- The Washington Times - Thursday, March 9, 2017

Video of a North Carolina cop lying to an attorney during a traffic stop has prompted an investigation into a Mobile Field Force.

Attorney Jesse Bright was driving through the Tar Heel State last month when he was pulled over by the Wilmington Police Department. Mr. Bright, who spends his spare time as an Uber driver, was threatened with jail for recording Sgt. Kenneth Becker’s behavior.

“Don’t record me. You got me?” the officer said. “Be careful because there is a new law. Turn it off, or I’ll take you to jail.”

“For recording you? What is the law?” the attorney asked during the Feb. 26 incident. He was never given an answer.

Linda Thompson of the Wilmington Police Department told a local CBS affiliate that an internal affairs began March 3 but declined to specify the officer involved.

“You’re being a jerk,” the officer added before calling for a K-9 unit. “You better hope we don’t find something in your car.”

“I’m scared right now. I’m not being a jerk. I’m recording in case anything happens,” Mr. Bright said.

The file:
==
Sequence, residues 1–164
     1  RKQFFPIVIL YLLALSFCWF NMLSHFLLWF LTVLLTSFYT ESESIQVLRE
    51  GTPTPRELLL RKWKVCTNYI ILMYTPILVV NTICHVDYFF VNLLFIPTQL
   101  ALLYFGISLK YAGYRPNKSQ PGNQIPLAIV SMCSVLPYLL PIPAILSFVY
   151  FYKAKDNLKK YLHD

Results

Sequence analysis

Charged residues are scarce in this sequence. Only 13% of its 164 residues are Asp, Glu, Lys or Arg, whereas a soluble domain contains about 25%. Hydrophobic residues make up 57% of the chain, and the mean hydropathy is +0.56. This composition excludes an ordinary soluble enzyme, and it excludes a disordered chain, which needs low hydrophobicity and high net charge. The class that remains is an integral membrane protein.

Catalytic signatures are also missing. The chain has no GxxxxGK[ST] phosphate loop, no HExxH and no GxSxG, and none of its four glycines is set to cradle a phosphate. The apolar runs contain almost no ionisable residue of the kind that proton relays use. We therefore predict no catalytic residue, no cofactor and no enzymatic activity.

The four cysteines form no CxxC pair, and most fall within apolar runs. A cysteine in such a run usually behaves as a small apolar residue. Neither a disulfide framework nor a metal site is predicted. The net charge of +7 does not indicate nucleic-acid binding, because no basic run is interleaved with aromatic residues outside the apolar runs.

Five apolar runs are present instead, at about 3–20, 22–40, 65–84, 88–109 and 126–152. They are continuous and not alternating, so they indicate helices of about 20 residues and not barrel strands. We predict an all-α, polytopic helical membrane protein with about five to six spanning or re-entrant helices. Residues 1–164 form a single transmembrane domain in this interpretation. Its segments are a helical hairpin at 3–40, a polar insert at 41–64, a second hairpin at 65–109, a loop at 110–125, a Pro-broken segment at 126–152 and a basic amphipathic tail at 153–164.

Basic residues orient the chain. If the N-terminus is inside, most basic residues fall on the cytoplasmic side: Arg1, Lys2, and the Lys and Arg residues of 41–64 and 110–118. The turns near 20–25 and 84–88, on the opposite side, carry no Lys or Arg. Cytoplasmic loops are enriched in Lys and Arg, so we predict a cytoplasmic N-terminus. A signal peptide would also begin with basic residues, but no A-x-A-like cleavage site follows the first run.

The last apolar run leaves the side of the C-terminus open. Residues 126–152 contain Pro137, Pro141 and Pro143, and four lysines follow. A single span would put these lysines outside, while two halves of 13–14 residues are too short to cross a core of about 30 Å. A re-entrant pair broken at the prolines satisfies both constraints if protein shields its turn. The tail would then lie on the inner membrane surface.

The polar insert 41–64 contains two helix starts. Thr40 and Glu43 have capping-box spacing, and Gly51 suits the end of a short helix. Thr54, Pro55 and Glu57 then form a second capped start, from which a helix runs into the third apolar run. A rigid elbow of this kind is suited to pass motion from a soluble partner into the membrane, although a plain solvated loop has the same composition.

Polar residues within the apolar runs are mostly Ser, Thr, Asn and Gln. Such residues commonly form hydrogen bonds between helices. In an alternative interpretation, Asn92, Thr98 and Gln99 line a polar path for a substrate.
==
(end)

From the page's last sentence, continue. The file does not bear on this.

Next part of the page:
“I knew that he was just trying to coerce me to not film him anymore,” Mr. Bright told another CBS affiliate on Wednesday. “I didn’t want to see anyone get fired or anything come of this. I really just want people to understand their rights. If he’s willing to directly lie to me, and tell me you know this is against the law to film police, then it worries me you know most people when they’re given an order by an officer they don’t know that it’s an unlawful order.”

Nothing illegal was found in Mr. Bright’s car, and he was eventually allowed to go on his way.

“Taking photographs and videos of people that are in plain sight including the police is your legal right,” Police Chief Ralph Evangelous said in a statement released Wednesday. “As a matter of fact we invite citizens to do so when they believe it is necessary. We believe that public videos help to protect the police as well as our citizens and provide critical information during police and citizen interaction.”

• Douglas Ernst can be reached at dernst@washingtontimes.com.

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